Published online by Cambridge University Press: 24 April 2020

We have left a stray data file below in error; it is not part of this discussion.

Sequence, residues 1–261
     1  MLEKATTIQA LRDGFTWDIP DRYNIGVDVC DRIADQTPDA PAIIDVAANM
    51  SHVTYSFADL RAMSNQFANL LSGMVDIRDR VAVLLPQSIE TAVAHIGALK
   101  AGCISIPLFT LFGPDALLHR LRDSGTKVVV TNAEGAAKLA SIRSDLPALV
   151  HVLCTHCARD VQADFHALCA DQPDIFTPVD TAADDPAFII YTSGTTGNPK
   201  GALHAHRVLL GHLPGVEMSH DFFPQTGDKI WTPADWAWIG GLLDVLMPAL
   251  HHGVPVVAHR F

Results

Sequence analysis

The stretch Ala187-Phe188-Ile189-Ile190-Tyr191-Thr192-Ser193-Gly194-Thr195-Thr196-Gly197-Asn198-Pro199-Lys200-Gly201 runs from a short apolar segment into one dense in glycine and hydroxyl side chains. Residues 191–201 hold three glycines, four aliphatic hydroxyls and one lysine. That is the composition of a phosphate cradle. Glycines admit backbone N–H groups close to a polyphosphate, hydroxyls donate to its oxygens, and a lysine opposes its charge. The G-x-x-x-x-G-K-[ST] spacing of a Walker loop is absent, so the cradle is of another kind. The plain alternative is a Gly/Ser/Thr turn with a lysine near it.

Chapter 12 includes the deeper normative arguments of Burke’s economic theory that come alive in the Reflections. Burke argued that among the real rights of men were the right to industry and the right to acquisition. He further contended that abstract theory overlooked the complexity of circumstance in social life, and that rigid government edicts intended to establish equality in civil society bred social chaos. Social engineering crushed the human soul. More important, I discuss Burke’s emphasis on the limits of transactional exchange in sustaining the growth of civilization. In his view, contracts could produce commercial opulence, but civilizations required pre-transactional bonds of religion, friendship, and manners in order to endure. Man’s moral obligations thus preceded the requirements of voluntary contracts; civilization might persist without commercial vitality, but it could not survive without virtue and chivalry. I also examine Burke’s commentary in Third Letter on a Regicide Peace, in which he provides remarks on the healthy state of the English economy, an Invisible Hand-type phenomenon, and the virtues of limited government, all of which complement his thoughts in Thoughts and Details and the Reflections.